Miesha Tate signed with the UFC at a time when women’s MMA wasn’t thought highly of, but now it’s mainstream.
Tate made her UFC debut back in 2013 at The Ultimate Fighter 17 Finale, losing to Cat Zingano via a third-round TKO. Her rivalry with Ronda Rousey is considered by many to be one of the most heated in the history of the sport.
UFC President Dana White infamously said that women would never compete in the UFC as long as he was in charge, but that changed over time. Rousey and Tate’s development into stars helped change White’s mind, and ultimately it paid off with huge dividends.
During a recent interview with ESPN, Tate explained the differences between how women are perceived in MMA today compared to when she first started.
“It is so nice that this is normalized,” Tate said. “I used to get that question, ‘What is MMA? What is women’s MMA? Why would you do that?’ I don’t get too much of that anymore. It’s become sort of a normal thing for women to do, and a big change that I see is little girls in the training room. Little, little girls. I’m talking 4, 6, and 7 years old. When I started, you could’ve never seen little girls in Jiu-Jitsu practice and in grappling class. We’re seeing a generational change. What is going on right now is phenomenal, and it’s really cool for me to experience such a broad spectrum.
“I think I’m the only female to ever really start way back in the day before the UFC, before Strikeforce had women’s fighting. Then to come up through Strikeforce, become a Strikeforce champ, to become a UFC champ, reach the pinnacle of the sport. I’m so grateful for that perspective because it still keeps me motivated and hungry every single day. Knowing where I started and where I came from, how much ground I’ve covered, but I’m still ambitious as ever.”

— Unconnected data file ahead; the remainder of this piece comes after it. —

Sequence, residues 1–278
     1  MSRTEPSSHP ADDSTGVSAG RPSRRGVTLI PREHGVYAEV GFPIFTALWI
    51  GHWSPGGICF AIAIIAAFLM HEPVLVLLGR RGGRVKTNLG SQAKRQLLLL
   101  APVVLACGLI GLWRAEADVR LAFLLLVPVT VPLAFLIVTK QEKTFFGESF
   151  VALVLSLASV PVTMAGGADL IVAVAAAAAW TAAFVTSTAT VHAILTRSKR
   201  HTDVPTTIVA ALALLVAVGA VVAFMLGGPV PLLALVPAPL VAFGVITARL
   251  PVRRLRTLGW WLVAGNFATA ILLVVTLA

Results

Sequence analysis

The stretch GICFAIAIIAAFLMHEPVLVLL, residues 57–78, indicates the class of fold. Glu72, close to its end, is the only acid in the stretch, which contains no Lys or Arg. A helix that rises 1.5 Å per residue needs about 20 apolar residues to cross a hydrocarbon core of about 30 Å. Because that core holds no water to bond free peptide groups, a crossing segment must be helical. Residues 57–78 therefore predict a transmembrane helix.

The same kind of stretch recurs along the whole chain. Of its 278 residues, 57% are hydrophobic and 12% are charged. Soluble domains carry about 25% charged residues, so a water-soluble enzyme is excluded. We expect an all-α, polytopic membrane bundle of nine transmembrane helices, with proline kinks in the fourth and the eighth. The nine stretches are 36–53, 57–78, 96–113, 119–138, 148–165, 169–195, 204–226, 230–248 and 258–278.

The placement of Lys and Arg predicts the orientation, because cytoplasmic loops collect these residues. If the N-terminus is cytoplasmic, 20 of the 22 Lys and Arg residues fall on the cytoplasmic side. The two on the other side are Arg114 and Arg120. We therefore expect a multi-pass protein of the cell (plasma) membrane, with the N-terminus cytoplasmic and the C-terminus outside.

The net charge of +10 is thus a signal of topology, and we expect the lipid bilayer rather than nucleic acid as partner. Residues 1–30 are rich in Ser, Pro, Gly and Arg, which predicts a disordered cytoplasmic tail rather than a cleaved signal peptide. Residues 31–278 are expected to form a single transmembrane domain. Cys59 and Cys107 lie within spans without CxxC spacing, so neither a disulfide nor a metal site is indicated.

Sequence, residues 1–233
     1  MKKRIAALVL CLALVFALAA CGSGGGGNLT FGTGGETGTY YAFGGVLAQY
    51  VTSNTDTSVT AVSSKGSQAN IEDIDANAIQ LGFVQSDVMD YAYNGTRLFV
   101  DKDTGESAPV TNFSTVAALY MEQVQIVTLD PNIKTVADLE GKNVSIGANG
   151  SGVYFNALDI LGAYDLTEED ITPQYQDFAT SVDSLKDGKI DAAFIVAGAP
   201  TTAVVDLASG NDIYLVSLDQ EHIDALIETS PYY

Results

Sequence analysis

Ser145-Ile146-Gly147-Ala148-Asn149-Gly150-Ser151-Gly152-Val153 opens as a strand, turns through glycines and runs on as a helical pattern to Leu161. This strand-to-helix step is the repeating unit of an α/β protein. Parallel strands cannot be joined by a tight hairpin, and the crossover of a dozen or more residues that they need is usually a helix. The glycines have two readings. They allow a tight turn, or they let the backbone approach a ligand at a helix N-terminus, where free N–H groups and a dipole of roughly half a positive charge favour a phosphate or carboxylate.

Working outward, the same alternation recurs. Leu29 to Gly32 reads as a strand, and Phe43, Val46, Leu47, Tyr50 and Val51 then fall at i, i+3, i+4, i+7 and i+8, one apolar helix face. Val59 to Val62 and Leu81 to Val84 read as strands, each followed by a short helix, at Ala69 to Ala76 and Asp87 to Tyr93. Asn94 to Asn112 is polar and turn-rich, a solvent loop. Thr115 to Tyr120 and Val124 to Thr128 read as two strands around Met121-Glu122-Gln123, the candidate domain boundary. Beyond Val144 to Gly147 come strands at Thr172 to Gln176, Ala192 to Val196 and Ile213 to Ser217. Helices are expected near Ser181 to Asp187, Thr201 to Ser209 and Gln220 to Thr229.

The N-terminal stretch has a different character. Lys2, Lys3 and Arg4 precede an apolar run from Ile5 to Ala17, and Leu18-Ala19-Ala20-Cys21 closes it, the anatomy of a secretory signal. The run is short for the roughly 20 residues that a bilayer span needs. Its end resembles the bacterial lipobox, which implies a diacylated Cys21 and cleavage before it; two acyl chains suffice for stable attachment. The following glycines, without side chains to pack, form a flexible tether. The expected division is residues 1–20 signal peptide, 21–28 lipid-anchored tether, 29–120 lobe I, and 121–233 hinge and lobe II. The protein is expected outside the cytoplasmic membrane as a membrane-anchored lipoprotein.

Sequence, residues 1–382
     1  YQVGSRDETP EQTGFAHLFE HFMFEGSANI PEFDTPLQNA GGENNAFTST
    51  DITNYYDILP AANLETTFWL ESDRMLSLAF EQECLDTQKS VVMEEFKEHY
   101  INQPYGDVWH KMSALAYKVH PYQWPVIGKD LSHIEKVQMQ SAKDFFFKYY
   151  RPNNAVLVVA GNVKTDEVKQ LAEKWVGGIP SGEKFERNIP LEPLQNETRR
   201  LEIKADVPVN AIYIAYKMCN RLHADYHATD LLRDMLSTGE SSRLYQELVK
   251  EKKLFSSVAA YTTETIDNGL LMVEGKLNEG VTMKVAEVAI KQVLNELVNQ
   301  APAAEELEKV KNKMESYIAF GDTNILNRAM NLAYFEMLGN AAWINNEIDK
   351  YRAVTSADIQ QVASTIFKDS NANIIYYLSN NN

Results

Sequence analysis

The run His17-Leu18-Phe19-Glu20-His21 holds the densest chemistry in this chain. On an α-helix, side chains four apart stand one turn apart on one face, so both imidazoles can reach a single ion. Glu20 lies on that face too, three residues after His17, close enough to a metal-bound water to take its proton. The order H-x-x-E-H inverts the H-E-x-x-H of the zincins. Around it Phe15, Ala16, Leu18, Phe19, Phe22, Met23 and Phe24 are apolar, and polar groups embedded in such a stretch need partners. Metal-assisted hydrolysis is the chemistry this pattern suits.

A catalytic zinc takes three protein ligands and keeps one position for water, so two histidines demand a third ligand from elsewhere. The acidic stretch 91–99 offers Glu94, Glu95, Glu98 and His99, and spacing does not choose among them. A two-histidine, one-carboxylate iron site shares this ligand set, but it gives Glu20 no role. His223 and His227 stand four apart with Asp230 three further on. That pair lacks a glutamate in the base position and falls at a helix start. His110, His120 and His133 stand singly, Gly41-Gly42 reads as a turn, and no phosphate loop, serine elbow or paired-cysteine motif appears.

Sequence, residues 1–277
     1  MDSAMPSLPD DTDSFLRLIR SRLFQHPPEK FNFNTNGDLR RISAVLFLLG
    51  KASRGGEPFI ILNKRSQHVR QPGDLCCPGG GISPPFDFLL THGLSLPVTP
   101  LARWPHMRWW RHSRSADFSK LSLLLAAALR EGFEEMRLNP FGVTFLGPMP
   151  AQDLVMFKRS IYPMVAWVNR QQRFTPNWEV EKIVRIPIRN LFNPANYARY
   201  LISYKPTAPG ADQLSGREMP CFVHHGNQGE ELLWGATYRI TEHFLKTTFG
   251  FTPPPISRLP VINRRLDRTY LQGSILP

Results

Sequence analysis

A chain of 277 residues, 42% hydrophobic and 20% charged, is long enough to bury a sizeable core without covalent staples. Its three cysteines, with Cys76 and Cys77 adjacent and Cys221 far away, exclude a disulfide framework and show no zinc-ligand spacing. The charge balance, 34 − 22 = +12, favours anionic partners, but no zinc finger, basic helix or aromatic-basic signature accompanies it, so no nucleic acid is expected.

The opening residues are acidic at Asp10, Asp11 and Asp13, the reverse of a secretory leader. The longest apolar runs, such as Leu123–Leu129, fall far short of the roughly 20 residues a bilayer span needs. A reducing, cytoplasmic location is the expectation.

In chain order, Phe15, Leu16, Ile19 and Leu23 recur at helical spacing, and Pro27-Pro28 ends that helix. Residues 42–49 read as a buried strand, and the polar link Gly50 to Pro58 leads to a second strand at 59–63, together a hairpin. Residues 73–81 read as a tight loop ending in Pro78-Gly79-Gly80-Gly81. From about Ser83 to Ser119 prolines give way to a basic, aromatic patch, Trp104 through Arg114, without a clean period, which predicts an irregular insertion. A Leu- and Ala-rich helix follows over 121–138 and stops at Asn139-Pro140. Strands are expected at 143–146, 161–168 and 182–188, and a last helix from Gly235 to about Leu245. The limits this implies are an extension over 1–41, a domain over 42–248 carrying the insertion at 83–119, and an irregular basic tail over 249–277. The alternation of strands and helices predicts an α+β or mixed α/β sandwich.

Tate is set to make her move from bantamweight to flyweight later this year against former title challenger Lauren Murphy at UFC 276. After retiring following back-to-back losses to Amanda Nunes and Raquel Pennington, Tate seems rejuvenated in her return despite coming off a loss to Ketlen Vieira.
Female fighters such as Tate have become a normal part of pop culture, as recently evidenced by her win on the Celebrity Big Brother reality television show earlier this year.
Tate is regarded as one of the pioneers of women’s MMA and has seen it all when it comes to the struggles that women went through when trying to be promoted on the sport’s biggest stages. Now, stars such as Amanda Nunes and Kayla Harrison have helped to grow the sport worldwide, and the fact that they’re women seems to be somewhat of an afterthought.
Who are your favorite female MMA fighters to watch? What are your thoughts on Miesha Tate’s comments?